Interview: multi-percussionist Patrick Graham talks music, sound, and groove

photo by Randy Cole

photo by Randy Cole

Recently I talked with Patrick Graham, a Montréal based percussionist who is doing really interesting work. The first time I heard Patrick perform live was in 2009 at the North American Taiko Conference (Los Angeles) evening concert as a guest artist with On Ensemble. I was immediately drawn to his playing and have become an even bigger fan as I've heard more of his music over the past seven years. In this interview, I asked Patrick about his background, musical training, his concept of sound and groove, and composing. His thoughtful conversation is in symmetry with his music so I would encourage everyone to check out the web links below for video, music, and additional details about his work.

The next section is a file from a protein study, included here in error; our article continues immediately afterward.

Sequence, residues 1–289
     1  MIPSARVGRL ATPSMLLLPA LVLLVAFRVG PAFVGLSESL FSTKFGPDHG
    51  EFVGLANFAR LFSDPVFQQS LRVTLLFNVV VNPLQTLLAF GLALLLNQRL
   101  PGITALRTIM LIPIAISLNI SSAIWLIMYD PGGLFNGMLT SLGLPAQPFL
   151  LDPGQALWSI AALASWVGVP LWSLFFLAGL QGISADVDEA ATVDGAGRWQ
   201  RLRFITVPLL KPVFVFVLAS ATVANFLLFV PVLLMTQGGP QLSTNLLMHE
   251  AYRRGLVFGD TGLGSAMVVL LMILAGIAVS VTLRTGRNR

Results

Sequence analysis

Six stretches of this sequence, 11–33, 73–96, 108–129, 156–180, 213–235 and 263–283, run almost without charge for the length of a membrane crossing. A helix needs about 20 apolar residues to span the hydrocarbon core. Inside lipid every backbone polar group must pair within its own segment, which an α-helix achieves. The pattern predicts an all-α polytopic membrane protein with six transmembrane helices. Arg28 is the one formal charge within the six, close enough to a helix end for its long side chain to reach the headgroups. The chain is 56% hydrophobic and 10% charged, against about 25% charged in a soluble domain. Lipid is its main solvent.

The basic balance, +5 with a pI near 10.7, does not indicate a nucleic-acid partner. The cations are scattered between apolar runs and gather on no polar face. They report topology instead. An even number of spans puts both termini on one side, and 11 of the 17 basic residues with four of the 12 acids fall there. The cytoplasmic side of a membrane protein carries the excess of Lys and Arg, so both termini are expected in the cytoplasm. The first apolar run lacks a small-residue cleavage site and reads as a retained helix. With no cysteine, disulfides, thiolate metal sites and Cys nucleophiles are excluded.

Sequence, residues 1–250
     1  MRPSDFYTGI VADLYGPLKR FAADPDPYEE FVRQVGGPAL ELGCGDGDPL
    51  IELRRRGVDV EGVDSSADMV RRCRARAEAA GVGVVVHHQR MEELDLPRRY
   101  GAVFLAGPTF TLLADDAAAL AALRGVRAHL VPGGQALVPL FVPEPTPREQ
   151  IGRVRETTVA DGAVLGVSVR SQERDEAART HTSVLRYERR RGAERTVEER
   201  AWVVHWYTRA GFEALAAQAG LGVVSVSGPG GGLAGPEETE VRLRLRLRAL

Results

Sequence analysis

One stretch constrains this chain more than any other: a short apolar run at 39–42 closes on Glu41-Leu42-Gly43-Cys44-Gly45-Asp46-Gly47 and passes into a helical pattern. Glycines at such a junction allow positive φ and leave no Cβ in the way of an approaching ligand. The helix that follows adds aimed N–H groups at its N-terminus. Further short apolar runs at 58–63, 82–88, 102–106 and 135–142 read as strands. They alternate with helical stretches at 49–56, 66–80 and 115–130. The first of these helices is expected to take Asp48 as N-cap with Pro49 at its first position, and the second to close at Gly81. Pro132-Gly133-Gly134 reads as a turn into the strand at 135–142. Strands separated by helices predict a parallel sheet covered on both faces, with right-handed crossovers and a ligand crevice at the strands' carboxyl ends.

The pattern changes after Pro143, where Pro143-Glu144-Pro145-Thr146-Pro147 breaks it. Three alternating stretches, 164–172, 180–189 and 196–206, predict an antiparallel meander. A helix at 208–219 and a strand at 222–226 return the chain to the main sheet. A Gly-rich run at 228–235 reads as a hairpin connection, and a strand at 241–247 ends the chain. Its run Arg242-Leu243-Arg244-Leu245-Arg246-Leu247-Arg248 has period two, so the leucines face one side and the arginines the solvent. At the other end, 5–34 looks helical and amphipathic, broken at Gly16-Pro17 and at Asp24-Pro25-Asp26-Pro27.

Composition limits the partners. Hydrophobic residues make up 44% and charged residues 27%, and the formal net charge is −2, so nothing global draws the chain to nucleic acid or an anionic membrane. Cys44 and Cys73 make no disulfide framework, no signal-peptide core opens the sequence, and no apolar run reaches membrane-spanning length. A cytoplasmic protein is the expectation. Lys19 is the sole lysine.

Patrick's musical background and interests have a lot of overlap with my own. No wonder it was so much fun playing with him for an On Ensemble concert in the summer of 2014. It was one of those rare occasions where the music just comes together right from the beginning, as comfortably as if we had always worked together. It's a feeling that is hard to describe; maybe something like speaking the same dialect of our musical language. I also enjoy just hanging out with Patrick and talking about music or whatever. We live pretty far away from each other but I'm pretty sure we'll be collaborating in the near future. Stay tuned for that!

I have included music from Rheo, Patrick's album which came up in our conversation. The tracks excerpted in the interview are: King Worm, Liminality, Le Souffle M'envahit, Brilla, and Strata. It's a great album and I would recommend everyone checking it out at the links below.

From Patrick:
"I've been so fortunate to study with many fantastic teachers. I am indebted to them.
Bob Slapcoff at Vanier College, Pierre Béluse and D'Arcy Gray at McGill University, Trichy Sankaran, Glen Velez, Tokyo-based sensei Taichi Ozaki (stage name Kato Tosha), Kodo's Tomohiro Mitome led the taiko Koh-Kan workshops in 2000, Tetsuro Naito, Carlo Rizzo and Zohar Fresco."